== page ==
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Dobbs County, North Carolina

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Date: 1758 to 1791
Location: North Carolina, United Statesmap
Surnames/tags: Dobbs defunct
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History

This page is in Progress

In early days, Dobbs County was a former county of North Carolina and is now defunct.

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Here is a small bit of history (and hopefully genealogy) of Dobbs County. (This includes counties formed on the lands before Dobbs was abolished.)

1663 A land charter was granted by King Charles II to the Eight Lords Proprietors which began the Carolinas.[1]
1664 Craven County was cut from Bath County. Bath County was made up of territory between the Albemarle and Cape Fear, according to Some Colonial History of Craven County by Francis H. Cooper p. 3.[1]
1705 Craven County was one of the precincts divided from the territory between Albemarle and Cape Fear. [1]
1746 Johnston County was split from part of Craven County.[1]
Dobbs 1758

1747 The first wave of settlers, the Scots-Irish, arrived in the western part of Rowan. The population grew so quickly that in 1753 Acting Governor Matthew Rowan signed a bill creating Rowan County and Saint Luke's Parish. Rowan was the largest and most populous county in the colony and the state until 1836 when current boundaries were drawn. Twenty-six counties were eventually formed out of Rowan County.[2]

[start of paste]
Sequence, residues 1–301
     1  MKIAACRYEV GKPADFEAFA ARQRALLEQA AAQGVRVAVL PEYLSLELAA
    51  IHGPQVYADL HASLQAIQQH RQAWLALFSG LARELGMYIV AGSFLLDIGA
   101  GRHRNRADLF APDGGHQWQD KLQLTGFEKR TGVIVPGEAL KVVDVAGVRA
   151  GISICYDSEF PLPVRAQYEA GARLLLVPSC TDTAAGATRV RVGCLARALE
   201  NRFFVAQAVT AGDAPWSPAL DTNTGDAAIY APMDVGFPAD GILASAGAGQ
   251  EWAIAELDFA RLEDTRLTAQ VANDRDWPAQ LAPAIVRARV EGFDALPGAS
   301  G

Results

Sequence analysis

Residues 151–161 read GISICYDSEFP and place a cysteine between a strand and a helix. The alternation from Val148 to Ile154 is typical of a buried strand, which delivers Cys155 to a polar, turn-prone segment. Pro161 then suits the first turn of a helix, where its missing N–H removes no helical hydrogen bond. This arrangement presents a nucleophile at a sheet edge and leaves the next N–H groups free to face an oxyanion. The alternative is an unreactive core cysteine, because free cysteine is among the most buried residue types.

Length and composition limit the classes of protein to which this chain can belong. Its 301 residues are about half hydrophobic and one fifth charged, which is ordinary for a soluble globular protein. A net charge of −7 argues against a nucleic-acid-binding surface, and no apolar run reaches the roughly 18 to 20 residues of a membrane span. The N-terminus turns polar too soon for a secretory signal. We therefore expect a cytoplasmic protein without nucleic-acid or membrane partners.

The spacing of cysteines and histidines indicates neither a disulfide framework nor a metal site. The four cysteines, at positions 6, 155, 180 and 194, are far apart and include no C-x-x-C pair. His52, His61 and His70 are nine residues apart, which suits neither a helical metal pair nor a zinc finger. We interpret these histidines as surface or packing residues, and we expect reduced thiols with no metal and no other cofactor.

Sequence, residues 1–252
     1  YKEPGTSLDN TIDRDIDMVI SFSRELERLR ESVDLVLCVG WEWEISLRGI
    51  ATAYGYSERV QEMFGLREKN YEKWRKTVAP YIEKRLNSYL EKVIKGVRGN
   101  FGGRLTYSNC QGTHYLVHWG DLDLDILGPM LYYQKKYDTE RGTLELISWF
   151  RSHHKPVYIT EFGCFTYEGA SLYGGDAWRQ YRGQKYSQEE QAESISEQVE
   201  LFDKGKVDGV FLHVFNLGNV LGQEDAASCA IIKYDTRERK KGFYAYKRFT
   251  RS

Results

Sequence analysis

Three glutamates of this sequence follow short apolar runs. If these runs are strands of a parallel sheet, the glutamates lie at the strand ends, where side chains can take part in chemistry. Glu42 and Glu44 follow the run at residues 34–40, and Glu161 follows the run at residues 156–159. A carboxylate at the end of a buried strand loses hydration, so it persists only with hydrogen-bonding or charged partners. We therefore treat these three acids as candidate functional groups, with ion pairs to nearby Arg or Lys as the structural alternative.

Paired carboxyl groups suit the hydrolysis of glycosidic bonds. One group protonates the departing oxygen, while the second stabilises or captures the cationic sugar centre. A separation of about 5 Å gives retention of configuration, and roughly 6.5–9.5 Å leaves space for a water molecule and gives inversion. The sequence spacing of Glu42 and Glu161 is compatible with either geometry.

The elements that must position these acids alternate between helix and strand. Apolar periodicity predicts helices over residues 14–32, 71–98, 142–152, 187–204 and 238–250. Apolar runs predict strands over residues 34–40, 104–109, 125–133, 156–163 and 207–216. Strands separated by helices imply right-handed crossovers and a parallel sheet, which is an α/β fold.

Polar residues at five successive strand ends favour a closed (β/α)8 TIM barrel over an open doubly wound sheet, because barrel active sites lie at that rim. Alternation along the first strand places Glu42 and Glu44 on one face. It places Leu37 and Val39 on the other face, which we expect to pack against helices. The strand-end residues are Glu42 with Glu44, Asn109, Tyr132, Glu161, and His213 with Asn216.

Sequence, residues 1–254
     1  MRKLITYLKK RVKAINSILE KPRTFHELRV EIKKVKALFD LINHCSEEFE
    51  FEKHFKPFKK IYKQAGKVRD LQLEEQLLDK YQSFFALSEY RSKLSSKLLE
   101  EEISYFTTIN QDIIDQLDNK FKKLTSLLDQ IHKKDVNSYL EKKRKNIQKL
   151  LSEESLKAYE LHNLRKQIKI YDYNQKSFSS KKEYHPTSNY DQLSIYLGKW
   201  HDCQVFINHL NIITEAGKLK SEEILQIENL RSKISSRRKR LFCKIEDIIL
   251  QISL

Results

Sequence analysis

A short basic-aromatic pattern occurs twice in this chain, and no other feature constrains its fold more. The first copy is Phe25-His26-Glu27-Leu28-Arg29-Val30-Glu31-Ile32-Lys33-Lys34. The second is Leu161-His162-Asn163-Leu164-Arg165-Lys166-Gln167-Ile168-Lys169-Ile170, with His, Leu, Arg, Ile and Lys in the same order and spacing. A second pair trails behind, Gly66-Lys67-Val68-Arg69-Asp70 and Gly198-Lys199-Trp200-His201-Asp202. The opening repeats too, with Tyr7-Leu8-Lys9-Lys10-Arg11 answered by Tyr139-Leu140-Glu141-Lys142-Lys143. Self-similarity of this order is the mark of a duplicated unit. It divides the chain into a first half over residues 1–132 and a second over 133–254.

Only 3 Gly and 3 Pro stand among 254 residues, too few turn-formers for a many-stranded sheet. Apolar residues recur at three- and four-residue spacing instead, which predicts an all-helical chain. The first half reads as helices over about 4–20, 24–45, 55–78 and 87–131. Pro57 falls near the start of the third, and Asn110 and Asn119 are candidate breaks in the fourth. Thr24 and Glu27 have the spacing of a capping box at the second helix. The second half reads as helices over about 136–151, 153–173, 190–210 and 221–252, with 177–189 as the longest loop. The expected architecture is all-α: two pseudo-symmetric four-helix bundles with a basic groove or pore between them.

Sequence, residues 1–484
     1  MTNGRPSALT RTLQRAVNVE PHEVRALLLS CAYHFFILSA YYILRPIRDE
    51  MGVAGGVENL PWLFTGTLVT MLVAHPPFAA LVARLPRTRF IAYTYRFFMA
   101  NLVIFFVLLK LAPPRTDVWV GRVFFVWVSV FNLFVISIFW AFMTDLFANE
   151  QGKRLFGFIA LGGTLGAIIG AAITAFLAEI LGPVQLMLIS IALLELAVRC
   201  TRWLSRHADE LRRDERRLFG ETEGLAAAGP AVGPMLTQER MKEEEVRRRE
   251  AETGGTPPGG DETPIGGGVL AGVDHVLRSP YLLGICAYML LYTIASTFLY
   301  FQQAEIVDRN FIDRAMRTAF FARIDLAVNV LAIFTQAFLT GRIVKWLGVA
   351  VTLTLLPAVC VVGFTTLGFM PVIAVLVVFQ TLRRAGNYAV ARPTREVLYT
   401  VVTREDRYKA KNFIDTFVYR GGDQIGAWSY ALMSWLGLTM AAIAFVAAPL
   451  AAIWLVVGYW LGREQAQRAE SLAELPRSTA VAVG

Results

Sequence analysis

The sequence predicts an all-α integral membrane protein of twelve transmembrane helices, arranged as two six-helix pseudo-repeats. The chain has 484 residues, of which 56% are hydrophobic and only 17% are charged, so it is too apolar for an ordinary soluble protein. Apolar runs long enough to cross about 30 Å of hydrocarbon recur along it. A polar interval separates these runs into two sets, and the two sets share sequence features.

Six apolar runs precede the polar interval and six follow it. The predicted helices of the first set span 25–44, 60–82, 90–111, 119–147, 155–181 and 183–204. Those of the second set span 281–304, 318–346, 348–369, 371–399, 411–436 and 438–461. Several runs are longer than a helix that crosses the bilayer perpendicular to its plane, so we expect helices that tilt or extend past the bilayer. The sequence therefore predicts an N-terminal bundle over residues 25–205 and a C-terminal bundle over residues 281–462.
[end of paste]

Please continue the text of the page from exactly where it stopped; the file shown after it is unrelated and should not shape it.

1752 Governor Gabriel Johnston died. Next Governor was Nathaniel Rice (President of the Executive Council) and followed by Matthew Rowan as Acting Governors until 1754. [3]

French and Indian War

http://www.fortdobbs.org/history/#war For many centuries, England and France were enemies in differing wars. They either conflicted in their claims early when the new world was developing. The Conflicts involved settlers, native americans, and soldiers. One of these wars was the French and Indian War. [4] See also French and Indian War Project

Ft. Dobbs

Background for French and Indian War 1754 France tried to connect its claims in North America. France began military posts from the Great Lakes to the Ohio Valley. It tried to unite Canada with Louisiana. France took possession claims of England such as Province of Virginia. Virginia's Governor Dinwiddie's called for assistance. North Carolina voted to send troops outside of its border. North Carolina's 450 men and Lt. Hugh Waddel were attached to Colonel James Innes' (1700-1759) troops in the first Ohio Expedition. [4]